Info Synology NAS Encryption: Forensic Analysis of Synology NAS Devices by Elcomsoft

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Info Synology NAS Encryption: Forensic Analysis of Synology NAS Devices by Elcomsoft

I would say the "j" series are perfect for many home users who just need a "data grave". By the way, encryption speeds are horrible at least on DS216j, with about 85 MB/s reads (acceptable) and only 35 MB/s writes (way too slow, extremely poor implementation even for this low-end and dated hardware).
 
Or purchasing of the low-end NASes based on an assumption makes more traumatic experiences.
... assumption is the mother of all F*** ups!
reason why we are here
 
I need a bit of a research on this (and I have that planned). From what I've seen, the encryption key stored on a USB device is wrapped with a user-provided passphrase. That's fine; in an ideal world, this would mean that one would need all three of (hard drive), (USB stick) and (user-provided wrapping passphrase) in order to unlock the encrypted folder.

However, from what I've seen, DSM allows automatically mounting encrypted folders on boot even if you store the encryption key on a USB stick and enter your own wrapping passphrase. This, in turn, would mean that the wrapping passphrase (not just the hash but the actual passphrase) is stored somewhere on the HDD; otherwise, DSM would be unable to mount such folders automatically on boot.

Whether or not the wrapping passphrase is stored on the HDD if you are NOT using the "automatically mount" feature is subject to future research. Technically, it shouldn't be there, but I wouldn't place my bets on it.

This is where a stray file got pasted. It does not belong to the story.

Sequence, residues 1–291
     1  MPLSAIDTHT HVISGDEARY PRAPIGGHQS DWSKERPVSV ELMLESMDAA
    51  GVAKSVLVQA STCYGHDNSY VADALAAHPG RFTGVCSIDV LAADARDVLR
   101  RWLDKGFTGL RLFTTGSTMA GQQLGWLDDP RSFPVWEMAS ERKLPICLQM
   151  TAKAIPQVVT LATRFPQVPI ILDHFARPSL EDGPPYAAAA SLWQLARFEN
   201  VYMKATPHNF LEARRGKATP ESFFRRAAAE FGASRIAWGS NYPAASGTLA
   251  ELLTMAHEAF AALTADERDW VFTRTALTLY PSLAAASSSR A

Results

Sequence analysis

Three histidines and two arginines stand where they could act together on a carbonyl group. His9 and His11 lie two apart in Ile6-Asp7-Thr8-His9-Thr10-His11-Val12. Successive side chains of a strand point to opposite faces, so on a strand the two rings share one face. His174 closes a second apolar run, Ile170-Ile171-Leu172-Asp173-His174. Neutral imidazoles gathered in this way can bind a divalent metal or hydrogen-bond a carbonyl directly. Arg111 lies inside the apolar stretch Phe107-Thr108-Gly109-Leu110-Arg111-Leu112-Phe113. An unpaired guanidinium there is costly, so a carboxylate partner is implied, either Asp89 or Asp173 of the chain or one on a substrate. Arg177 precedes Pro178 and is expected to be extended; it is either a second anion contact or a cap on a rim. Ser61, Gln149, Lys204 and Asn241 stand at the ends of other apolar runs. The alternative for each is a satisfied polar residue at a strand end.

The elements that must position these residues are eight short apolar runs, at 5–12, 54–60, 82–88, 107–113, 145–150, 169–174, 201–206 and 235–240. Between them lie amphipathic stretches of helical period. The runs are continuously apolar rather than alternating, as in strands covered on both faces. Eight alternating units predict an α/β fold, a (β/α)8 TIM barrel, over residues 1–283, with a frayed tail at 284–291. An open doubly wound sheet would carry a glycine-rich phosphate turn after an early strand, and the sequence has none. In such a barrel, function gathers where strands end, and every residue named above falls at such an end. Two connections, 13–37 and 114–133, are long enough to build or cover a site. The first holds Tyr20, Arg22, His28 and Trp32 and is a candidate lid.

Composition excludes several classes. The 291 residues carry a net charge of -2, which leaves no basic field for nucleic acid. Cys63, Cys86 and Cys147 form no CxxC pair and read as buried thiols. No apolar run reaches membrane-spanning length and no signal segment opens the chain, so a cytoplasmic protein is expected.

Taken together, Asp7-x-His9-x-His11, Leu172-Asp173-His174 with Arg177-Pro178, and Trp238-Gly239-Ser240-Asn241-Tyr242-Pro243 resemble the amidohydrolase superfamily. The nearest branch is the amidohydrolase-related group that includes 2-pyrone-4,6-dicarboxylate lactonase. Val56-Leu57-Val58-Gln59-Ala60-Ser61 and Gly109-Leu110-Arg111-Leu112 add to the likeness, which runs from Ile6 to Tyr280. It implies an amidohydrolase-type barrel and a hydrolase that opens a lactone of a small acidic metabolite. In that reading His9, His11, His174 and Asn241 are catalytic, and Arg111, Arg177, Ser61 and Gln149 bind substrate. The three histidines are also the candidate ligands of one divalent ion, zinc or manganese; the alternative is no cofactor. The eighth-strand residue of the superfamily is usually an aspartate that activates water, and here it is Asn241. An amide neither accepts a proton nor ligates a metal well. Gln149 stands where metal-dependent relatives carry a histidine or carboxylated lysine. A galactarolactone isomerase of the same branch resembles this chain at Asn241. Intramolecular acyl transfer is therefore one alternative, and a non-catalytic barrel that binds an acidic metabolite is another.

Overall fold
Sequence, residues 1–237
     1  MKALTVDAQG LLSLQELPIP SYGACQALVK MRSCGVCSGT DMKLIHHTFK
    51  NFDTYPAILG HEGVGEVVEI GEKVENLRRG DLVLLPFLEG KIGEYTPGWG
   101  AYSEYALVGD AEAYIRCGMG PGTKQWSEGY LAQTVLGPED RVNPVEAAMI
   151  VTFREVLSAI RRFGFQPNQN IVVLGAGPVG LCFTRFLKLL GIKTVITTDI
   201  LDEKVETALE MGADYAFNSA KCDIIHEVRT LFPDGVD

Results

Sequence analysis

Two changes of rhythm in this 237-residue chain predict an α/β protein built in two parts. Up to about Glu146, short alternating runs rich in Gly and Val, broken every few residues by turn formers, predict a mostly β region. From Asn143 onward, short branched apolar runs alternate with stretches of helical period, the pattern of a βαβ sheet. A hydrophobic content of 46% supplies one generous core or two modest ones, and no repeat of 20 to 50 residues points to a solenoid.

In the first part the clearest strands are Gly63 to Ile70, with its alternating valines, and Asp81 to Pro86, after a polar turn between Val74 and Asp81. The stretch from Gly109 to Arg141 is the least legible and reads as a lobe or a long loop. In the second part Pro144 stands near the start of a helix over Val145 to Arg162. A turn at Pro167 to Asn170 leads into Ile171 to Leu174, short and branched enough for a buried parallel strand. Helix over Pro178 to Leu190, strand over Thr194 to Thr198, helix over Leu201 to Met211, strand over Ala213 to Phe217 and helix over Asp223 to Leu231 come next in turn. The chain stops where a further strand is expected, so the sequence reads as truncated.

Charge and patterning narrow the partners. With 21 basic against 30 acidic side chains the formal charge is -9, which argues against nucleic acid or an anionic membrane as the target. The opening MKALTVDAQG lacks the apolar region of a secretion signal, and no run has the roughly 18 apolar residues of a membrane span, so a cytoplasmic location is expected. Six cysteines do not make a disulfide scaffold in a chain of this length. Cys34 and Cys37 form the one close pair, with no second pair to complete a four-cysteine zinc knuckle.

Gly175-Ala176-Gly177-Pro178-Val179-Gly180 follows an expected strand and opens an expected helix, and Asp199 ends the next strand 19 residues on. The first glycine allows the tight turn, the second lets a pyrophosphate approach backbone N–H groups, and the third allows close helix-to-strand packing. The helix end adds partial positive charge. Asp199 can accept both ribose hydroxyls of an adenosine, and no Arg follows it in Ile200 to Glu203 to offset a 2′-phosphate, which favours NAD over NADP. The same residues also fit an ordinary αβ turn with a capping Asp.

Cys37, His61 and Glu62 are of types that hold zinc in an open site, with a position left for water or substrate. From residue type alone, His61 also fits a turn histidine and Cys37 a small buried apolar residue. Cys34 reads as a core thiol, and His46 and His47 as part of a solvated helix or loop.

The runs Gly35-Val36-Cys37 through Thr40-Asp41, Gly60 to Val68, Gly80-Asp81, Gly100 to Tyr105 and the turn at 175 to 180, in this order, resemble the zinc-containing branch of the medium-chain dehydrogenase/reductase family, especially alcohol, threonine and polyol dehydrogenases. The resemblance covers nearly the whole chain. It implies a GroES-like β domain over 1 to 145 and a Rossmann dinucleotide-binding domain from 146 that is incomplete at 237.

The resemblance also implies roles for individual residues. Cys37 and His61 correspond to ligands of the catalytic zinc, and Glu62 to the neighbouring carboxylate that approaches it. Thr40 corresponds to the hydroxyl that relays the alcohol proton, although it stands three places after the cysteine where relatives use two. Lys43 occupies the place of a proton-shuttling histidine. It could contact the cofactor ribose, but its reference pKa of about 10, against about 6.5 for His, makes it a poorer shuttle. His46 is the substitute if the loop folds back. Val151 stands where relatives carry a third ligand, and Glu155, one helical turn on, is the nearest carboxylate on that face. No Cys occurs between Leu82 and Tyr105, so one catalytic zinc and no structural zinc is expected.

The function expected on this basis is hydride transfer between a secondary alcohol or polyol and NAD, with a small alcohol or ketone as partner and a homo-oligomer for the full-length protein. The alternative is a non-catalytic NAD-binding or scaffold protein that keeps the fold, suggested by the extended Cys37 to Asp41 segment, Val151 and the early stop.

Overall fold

Hi Oleg. I've just read this thread and I'm wondering whether you've completed the research that you mentioned above?
 
Dear all,

Sorry for digging this old thread, but apparently there was still an encryption master password at least in DSM 7.0
Could you point out to me the corresponding CVE ID number to monitor this thread and ask Synology to display it publicly.
Is there still a master password in DSM 7.1?

Kind regards,
Amenotis
 
All known CVE about Synology are there:

If a vulnerability is not described as a CVE it does exist for Synology.

Could someone point out to me the CVE ID about this threat?
 
Hi very interesting topic, thanks for resurrecting it 😄.

I was wondering how encryption (stored on usb key) is supposed to work on a Synology SHA cluster ?
Does both nodes needs to have the usb key mounted ? Only the active server ? How to switch from active to passive ?

I haven’t found many documentation on this.
 
Probably not, but do any NAS providers offer volume encryption with OS encryption?
Volume encryption usually slow down performance some, but usually not by much. Volume encryption is a lot better when it comes to performance than than folder based encryption. Its also more secure since it also protects metadata on the volume. Those users who want that extra layer of security can use volume encryption for the entire volume and in addition use folder based encryption for extra sensitive files.
I think thats the same protection you'll get on a QNAP.
 
Probably not, but do any NAS providers offer volume encryption with OS encryption?
This is availble on most prominent Linux distros, and partial encryption is only of partial value nowadays.
also more secure since it also protects metadata on the volume
You may be suprised at the level of metadata residing outside the data volume.
I think thats the same protection you'll get on a QNAP.
If QNAP is our standard, we are in grave circumstances 🤣
 
This is availble on most prominent Linux distros, and partial encryption is only of partial value nowadays.

You may be suprised at the level of metadata residing outside the data volume.

If QNAP is our standard, we are in grave circumstances 🤣
I agree that full encryption of also the OS would be better, but for those looking for a non-custom NAS solution like QNAP or Synology, I'm guessing thats not something that exists.

QNAP is shit, but they have provided volume protection for years. It's a shame that Synology is so slow to offer this.

I agree that they could do more, but by offering volume protection on 7.2 I think theyre heading in the right direction.
 

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